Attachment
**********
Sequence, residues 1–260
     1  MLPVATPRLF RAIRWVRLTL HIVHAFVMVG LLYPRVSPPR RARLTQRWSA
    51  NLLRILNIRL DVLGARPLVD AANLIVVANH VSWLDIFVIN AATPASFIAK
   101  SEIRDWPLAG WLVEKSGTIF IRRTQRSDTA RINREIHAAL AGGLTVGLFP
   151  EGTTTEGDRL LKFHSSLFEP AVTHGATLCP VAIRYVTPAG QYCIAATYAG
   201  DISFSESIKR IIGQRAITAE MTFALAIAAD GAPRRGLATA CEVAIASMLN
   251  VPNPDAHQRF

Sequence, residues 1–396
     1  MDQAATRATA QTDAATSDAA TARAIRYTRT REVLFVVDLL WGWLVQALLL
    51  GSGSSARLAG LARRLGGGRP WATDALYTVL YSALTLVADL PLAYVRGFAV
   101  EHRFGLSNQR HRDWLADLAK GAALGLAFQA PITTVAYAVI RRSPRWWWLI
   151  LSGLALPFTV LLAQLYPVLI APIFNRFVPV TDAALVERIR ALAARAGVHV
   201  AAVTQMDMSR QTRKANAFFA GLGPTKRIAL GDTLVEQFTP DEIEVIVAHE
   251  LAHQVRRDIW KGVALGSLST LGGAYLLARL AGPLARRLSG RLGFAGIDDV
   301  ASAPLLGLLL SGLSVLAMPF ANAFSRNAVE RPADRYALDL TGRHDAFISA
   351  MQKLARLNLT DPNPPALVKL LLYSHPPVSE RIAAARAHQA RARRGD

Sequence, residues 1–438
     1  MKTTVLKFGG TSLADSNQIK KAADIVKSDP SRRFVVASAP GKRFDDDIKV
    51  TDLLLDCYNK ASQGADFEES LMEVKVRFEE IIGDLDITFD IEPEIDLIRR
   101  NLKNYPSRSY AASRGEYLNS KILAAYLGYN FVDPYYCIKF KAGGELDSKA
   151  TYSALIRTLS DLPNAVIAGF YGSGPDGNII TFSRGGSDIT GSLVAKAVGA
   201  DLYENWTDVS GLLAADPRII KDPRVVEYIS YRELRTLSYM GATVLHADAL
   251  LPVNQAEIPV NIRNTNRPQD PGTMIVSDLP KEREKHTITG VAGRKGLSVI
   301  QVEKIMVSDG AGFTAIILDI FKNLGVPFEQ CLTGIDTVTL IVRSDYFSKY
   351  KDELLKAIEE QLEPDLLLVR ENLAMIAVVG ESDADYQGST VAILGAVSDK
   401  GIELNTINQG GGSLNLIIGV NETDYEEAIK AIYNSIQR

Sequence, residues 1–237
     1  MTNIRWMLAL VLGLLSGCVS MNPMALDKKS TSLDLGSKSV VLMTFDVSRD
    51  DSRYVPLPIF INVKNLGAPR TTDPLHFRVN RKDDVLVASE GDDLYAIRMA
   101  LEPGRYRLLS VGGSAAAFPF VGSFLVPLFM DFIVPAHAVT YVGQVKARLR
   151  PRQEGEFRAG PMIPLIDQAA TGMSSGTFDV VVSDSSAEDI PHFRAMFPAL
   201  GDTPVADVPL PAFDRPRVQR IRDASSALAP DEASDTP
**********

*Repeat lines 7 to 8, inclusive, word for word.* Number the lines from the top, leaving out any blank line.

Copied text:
   251  VPNPDAHQRF

Sequence, residues 1–396